• A possible solution: Corey’s laboratory will collaborate with the lab of Artur Indzhykulian at Mass Eye and Ear to develop a gene-therapy strategy for Usher syndrome type 1F and to facilitate its path to the clinic.  The gene that needs to be delivered, however, is too large to “pack” as cargo in an adeno-associated virus capsule—the traditional gene-delivery vehicle. To overcome this hurdle, the team engineered smaller but still functional protein versions that fit in the viral capsule. These mini-PCDH15 genetic constructs have successfully rescued the hearing of a mouse model of Usher syndrome 1F. The researchers plan to use these constructs to rescue the vestibular function of mice with Usher 1F mutations, to rescue the vision in zebrafish with the same mutation and to test localization and toxicity in the eyes and ears of nonhuman primates.  

Protein therapy for frozen shoulder (principal investigator Ara Nazarian, HMS professor of orthopedic surgery at Beth Israel Deaconess Medical Center)

  • The challenge: Frozen shoulder is a common degenerative inflammatory condition affecting the shoulder joint and leads to pain, stiffness, and loss of function. Nonsurgical treatment options provide marginal improvement and do not address the underlying disease pathology—the progressive and irreversible accumulation of scar tissue in and around the joint. Physical therapy is the main treatment, with surgical interventions used in severe cases. However, surgery can lead to complications, and the condition has high recurrence rates. 
  • A possible solution: Nazarian’s team has developed a first-of-its-kind approach using a synthetic version of a human protein known for its antifibrotic effects on joints and other structures, and also plays a key role during pregnancy. The researchers plan to deliver into the joint and to the site of fibrosis a protein called human relaxin-2, wrapped in a polymeric microcapsule for prolonged and local release. The idea originated with observations made by Beth Israel Deaconess orthopedic surgeon Edward Rodriguez in a group of female patients with arthrofibrosis who experienced lasting motion restoration and reduced joint pain during and after pregnancy when the levels of relaxin hormone naturally rise. If successful, the treatment could transform the management of shoulder arthrofibrosis and other similarly affected joints.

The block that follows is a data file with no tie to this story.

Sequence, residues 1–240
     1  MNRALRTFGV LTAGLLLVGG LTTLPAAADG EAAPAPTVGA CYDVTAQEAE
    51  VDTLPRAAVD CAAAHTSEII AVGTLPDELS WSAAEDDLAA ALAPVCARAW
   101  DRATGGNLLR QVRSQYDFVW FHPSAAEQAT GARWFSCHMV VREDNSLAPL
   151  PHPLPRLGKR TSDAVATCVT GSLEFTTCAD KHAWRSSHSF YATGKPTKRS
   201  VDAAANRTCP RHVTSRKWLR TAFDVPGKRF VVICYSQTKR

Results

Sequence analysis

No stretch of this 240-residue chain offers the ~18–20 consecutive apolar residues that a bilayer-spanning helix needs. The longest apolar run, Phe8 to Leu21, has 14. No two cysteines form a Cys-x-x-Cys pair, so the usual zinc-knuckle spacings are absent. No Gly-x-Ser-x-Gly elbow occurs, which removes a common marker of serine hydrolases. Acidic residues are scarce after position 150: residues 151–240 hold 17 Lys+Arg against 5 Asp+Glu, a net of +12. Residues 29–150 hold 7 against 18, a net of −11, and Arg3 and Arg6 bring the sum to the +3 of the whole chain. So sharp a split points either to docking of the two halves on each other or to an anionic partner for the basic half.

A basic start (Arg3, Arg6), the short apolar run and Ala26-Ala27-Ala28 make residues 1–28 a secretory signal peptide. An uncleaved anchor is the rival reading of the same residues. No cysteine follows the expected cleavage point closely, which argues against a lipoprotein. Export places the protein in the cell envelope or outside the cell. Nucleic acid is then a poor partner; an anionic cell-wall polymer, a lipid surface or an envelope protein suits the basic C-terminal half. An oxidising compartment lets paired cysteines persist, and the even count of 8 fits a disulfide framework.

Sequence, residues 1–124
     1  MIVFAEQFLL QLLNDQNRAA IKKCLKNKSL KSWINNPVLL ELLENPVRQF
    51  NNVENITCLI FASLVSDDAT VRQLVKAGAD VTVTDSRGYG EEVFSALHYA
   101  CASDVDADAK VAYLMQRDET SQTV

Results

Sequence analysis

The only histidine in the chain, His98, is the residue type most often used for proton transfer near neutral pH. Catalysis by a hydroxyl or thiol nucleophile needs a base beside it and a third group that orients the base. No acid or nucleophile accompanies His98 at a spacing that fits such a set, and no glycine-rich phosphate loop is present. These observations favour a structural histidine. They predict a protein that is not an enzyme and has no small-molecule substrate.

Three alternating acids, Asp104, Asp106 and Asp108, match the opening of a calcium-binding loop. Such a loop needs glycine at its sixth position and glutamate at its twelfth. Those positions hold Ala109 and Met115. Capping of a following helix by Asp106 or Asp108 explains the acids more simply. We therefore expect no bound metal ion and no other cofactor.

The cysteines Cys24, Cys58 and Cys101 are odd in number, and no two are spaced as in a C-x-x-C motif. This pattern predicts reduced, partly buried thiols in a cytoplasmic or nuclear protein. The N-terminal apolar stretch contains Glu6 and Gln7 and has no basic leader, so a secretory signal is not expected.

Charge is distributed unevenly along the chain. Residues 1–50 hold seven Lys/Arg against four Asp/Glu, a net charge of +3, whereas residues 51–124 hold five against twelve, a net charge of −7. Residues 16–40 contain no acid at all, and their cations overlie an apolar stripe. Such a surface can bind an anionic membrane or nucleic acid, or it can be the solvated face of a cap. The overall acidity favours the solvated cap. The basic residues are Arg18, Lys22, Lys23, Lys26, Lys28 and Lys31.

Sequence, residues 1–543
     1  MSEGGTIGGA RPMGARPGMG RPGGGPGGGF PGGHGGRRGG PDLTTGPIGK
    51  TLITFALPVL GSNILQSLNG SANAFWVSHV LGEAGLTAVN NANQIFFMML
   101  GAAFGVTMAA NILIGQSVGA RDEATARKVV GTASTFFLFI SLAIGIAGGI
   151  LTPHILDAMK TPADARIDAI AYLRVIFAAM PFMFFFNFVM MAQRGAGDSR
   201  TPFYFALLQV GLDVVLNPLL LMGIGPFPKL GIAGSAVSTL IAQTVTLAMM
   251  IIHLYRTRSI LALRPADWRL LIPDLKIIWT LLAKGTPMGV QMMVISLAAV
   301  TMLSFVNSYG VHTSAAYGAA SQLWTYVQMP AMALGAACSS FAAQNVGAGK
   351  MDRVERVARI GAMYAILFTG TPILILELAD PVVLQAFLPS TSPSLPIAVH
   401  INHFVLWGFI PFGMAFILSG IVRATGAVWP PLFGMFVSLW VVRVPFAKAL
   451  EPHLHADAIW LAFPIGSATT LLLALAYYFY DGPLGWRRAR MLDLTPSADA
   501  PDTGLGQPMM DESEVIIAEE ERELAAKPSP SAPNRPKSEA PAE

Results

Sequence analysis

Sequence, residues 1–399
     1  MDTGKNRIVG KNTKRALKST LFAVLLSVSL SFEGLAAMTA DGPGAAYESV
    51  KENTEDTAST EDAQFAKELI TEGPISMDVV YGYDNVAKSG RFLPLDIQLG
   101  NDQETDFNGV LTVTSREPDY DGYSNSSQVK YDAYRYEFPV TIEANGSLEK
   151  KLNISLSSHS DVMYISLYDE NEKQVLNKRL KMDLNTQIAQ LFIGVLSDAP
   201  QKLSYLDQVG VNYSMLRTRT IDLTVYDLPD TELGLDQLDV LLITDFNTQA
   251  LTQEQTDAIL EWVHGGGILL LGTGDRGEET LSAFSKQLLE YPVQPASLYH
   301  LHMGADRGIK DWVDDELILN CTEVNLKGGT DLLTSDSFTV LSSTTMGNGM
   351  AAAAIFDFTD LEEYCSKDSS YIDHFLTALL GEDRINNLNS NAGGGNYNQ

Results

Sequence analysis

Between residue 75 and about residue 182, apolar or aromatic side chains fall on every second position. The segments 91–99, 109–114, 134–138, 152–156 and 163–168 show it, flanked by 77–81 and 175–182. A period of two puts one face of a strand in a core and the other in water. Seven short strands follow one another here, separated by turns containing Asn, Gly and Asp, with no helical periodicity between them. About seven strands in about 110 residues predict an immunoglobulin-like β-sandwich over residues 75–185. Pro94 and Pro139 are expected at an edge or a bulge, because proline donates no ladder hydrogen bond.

Treating pediatric anemia with gene therapy (principal investigator Vijay Sankaran, HMS associate professor of pediatrics at Boston Children’s Hospital)

  • The challenge: Diamond-Blackfan anemia (DBA) is a genetic condition that affects the function of bone marrow, the body’s factory for blood cells. In DBA, the bone marrow fails to produce enough red blood cells, leading to a range of complications including a higher risk for developing certain cancers. The bone marrow malfunction arises from defects in one of more than two dozen genes that lead to impaired mRNA translation of a key protein, called GATA1, which regulates the synthesis of red blood cells. Current treatments for DBA are sub-optimal and are associated with considerable morbidity and health care expenditures.
  • A possible solution: The research team led by Sankaran will design a novel, unified gene therapy approach, applicable to all patients with DBA regardless of which type of genetic mutation underlies their disease. The researchers have developed a gene therapy vector to achieve increased erythroid lineage-specific expression of GATA1. Based on preliminary data in DBA animal models, this approach enables sufficient GATA1 expression to overcome the underlying defects in DBA. This approach sets the stage for a first gene-therapy cure for DBA.

The projects were selected following an intensely competitive process focused on selecting the proposals with the greatest potential to address real, unmet medical needs and be ready for licensing to new companies or pharma/biotech within two years, said Ifat Rubin-Bejerano, senior director for translational research at HMS.

“Before they even applied, we helped many of the candidates shape their research plan, we helped them define ‘killer experiments’—critical experiments that help determine whether it’s worth investing more resources in a project,” said Rubin-Bejerano. “We helped candidates start thinking about the clinical and regulatory paths.”

“Now we are excited to nurture these promising projects within HMS and its affiliated hospitals, provide further scientific and translational guidance, and support and shepherd them to a point where they would be more likely to succeed in the real world.”